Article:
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Higher buildings are not a dense idea

With housing demand so acutely outstripping supply in many areas of Dublin, the recent publication of the Irish Urban Development and Building Heights Guidelines for Planning Authorities calling for local authorities to evaluate their current planning policies on taller buildings in urban areas is badly needed. Today, average Dublin building heights are lower than in other comparably sized European cities, including Amsterdam, Copenhagen, and Stockholm. The arbitrary” height caps on taller buildings in Irish cities no longer makes sense. It has simply resulted in areas that are in need of redevelopment and regeneration being under-utilised or left idle as any proposed development was deemed to be financially unviable.

As Ireland starts to adopt and embrace taller buildings, it will be important that we place a strong emphasis on their design, quality, sustainability as well as the impact that these buildings will have on our cityscapes.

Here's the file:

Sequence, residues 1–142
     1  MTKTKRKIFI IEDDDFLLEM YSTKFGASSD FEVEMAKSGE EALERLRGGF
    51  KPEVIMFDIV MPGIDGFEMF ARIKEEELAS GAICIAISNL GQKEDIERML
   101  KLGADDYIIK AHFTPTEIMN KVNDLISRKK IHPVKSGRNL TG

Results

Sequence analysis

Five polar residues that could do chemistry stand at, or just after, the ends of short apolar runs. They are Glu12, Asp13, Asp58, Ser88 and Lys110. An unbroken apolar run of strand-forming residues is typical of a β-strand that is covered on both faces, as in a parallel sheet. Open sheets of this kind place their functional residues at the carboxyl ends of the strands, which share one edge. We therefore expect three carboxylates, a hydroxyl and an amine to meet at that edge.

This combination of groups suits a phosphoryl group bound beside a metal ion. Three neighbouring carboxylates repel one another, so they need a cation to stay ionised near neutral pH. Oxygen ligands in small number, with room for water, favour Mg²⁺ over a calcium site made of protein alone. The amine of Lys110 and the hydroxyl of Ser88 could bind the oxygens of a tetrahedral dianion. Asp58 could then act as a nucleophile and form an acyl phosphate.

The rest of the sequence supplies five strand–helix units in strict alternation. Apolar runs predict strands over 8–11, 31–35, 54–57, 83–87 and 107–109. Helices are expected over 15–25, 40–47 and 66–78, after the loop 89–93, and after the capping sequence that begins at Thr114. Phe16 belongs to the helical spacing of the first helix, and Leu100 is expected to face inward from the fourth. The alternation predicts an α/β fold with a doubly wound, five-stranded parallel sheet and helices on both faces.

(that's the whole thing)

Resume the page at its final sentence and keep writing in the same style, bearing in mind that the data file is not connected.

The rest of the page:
Good design and architecture improves lives. It creates better buildings and makes better use of the earth’s limited resources. This was reinforced to me during a business trip this week, when I had the opportunity to view Dubai’s next mega project, The Royal Atlantis Resort & Residences. A unique architectural design, inspired by ancient civilizations and their architectural design masterpieces. Due for completion later this year, this enormous, modular 43 storey hotel will house nearly 800 guest rooms and more than 230 serviced apartments. Its design originality is already winning many awards including the coveted Best Real Estate Project (Luxury Residential) at the recent Gulf Real Estate Awards 2018.

The Royal Atlantis Resort & Residences is being constructed by a joint venture between Six Construct and Ssangyong…….it would be a great project to be involved in from a planning/project controls perspective as it is certainly pushing engineering boundaries.


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